--In August 2006, 19-year-old inmate James Belli was killed when another prisoner repeatedly plunged a homemade shank into his neck. Court documents surrounding his case painted a picture of a violent and corrupt prison where gang members extorted fellow inmates and sold drugs, allegedly with help from two guards. Corrections officials denied those allegations, though the state chose to settle a lawsuit brought by Belli's mother for $450,000 last year rather that go to trial. A federal grand jury is said to be investigating the goings-on at Lieber at the time of Belli's death.
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PostSubject: Re: prison riot   Tue Jan 24, 2012 2:51 pm

need to give you bigger clubs and free will to use them as you please on these people!!

I know some may not aggree with me and maybe it isnt right but these people want to kill anyone and everyone at anytime there computer in there head is set that way cause they got nothing to loose!!

gosh dang you be careful buddy!!
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PostSubject: Re: prison riot   Sat Feb 04, 2012 8:33 am

i will, appreciate it!
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PostSubject: Re: prison riot   Sat Feb 04, 2012 10:04 am

Bigger clubs? Hell, I'd be askin for a MP5 and a raise. Coop...were you one of the guys injured? Stay safe man...you have the most difficult babysitting job on earth.
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PostSubject: Re: prison riot   Wed Feb 08, 2012 3:14 am

i was home, almost went in, figured 250 other officers were enough..both wings of this unit were destroyed, from all sprinkler heads broke off, toilets, sinks, drywall, doors, windows, tv's, and anything else they could smash..



Future Lieber uprisings foreseen



Ex-guard says contraband is widespread






By Glenn Smith






gsmith@postandcourier.com





Monday, February 6, 2012






13 Comment(s)
























Solitary guards supervising hundreds of inmates. Prisoners armed
with homemade weapons and contraband cellphones. Inmates driven to rage
by extended lockdowns.


This is the world Scott Jones confronted daily as a correctional officer at Lieber state prison in Ridgeville.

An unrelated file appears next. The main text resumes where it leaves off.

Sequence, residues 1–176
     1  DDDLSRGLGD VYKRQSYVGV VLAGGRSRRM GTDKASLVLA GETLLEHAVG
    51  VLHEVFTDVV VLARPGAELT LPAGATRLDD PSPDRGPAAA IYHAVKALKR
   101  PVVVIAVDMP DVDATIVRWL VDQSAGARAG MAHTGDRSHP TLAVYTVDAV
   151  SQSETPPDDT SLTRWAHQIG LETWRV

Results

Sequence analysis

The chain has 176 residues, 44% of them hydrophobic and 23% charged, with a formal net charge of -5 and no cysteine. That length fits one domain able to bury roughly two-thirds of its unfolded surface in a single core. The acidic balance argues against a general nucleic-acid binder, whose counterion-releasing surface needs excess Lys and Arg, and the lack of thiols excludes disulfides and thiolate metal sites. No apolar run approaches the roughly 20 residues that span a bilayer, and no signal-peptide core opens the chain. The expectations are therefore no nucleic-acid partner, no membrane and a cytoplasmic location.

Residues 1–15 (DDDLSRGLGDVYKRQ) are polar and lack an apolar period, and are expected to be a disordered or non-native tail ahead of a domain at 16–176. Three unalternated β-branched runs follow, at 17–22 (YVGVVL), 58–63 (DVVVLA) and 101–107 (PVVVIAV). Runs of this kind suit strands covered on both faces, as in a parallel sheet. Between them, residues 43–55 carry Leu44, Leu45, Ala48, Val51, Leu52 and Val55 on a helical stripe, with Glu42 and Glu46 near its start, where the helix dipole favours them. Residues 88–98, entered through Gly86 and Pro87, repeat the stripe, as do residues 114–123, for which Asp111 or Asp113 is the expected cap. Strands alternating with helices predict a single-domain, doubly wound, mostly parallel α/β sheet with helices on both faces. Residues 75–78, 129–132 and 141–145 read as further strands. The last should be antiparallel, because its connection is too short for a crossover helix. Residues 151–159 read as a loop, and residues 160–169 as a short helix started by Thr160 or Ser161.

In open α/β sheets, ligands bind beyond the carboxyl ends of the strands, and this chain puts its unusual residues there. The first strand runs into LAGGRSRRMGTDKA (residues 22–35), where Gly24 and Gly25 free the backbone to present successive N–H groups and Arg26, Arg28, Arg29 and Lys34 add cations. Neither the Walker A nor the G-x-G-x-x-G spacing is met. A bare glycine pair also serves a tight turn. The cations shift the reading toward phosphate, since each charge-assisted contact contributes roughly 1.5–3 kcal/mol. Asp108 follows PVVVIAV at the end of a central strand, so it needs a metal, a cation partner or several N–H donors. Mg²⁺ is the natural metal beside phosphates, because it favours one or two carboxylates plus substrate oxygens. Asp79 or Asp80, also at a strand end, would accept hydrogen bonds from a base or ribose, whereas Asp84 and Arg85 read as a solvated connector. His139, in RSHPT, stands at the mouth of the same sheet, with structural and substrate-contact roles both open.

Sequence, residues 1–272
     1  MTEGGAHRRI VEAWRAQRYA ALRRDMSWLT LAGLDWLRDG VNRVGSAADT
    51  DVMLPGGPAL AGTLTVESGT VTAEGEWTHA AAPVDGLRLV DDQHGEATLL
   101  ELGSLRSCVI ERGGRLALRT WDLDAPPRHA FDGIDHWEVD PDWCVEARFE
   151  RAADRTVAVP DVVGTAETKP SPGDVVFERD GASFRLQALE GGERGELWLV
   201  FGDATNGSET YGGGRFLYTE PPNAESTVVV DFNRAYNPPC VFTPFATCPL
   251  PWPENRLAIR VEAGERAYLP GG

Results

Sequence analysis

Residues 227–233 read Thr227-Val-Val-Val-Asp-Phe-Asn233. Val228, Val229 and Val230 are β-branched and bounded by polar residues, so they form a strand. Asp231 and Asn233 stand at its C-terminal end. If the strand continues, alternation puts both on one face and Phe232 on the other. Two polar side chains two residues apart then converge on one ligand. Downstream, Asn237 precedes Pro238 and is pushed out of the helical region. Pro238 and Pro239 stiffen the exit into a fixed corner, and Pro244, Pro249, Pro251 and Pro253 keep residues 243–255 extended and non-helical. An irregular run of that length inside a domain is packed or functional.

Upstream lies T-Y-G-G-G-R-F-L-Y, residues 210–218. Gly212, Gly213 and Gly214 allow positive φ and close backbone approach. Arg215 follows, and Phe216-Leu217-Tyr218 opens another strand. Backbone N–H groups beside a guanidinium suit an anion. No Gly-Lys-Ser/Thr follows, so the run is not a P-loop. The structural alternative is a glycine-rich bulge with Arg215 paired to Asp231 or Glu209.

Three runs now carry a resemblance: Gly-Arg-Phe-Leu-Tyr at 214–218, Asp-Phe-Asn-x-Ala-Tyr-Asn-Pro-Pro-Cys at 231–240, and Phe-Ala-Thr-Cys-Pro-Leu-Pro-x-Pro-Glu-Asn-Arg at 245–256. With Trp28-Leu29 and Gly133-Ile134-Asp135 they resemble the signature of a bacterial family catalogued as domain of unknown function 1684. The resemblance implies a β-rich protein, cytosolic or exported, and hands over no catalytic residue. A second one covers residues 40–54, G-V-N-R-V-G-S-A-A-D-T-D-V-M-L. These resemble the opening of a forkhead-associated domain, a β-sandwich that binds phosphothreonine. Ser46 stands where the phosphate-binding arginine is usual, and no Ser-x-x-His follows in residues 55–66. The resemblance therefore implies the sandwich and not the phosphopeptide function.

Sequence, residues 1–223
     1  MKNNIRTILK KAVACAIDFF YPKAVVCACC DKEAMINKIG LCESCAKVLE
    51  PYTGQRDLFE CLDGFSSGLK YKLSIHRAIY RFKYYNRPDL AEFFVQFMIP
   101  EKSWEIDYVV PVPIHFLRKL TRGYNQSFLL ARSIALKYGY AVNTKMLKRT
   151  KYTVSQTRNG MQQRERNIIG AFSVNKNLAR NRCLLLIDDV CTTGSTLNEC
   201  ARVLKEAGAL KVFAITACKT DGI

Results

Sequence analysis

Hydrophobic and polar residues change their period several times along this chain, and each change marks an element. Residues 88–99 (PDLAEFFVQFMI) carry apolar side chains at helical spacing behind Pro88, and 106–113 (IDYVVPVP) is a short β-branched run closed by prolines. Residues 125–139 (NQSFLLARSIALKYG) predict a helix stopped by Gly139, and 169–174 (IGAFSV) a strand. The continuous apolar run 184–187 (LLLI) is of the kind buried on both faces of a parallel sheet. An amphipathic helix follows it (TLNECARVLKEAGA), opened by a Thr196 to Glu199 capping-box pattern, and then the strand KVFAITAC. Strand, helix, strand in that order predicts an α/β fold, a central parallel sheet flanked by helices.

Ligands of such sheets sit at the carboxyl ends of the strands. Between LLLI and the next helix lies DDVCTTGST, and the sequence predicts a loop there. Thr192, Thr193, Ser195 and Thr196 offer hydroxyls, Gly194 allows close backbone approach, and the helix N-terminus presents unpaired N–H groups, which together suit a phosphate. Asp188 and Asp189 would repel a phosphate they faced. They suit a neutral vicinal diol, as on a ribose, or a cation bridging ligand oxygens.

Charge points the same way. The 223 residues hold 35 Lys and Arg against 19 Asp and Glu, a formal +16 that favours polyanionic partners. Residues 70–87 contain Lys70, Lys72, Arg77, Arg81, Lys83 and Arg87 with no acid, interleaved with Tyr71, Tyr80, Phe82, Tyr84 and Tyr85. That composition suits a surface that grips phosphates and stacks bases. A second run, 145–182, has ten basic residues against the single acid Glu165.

Over a dozen years, Jones said, he watched as budget cuts ate away at
manpower and equipment, compromising safety in the maximum-security
prison. And he saw how decisions made by folks far away from this rural
outpost made life more difficult for those who live and work behind its
razor-wired fences.


Sensing a powder keg ready to explode, Jones quit his job last month,
determined to speak out about problems at the prison. Just a week
later, a riot broke out at Lieber as pipe-wielding inmates attacked
greatly outnumbered guards and took over a dorm for five hours.


Jones, a 40-year-old former sergeant, said he wasn't surprised by the
melee. In fact, he expects more trouble as long as the conditions at
Lieber persist and inmates remain locked down for 23 hours a day.


"It's like with an animal," he said, shaking his head. "If you keep it


caged up, it's going to get mean. And it's going to get violent."


Corrections Department officials said Jones was good at his job, and
they don't dispute many of his descriptions of life at Lieber. The
department is very concerned about the safety of its officers and
inmates, agency spokesman Clark Newsom said, but there is just no money
to hire more personnel and expand programs in the state's prisons.


"By its very nature, it's a tough job," he said. "Even if you have a
full force of officers, you still have the possibility of problems.
(Lieber) is a maximum-security prison, and you have some very tough
characters there."


'House of Pain'


Jones, a Summerville resident who now runs his own pressure-washing
company, applied for a correctional job thinking it would be a good
steppingstone toward a career in law enforcement. He grew to like the
job and the people he worked with. He stayed on, earning promotions and
serving on the prison's equivalent of a SWAT team.


But things changed as budget cuts took their toll on the prison
system, which ran a $30 million deficit last year just to keep its
facilities operating. The prison system's 23,000 inmates now outnumber
their guards by a nearly 6-to-1 ratio.


Jones worked in the Ashley dorm, where the riot occurred. Officers
called the unit "The House of Pain," a violent wing full of murderers,
rapists, robbers and the like. People have died there, including
19-year-old James Belli of Summerville, who was shanked in the neck by a
fellow inmate in 2006.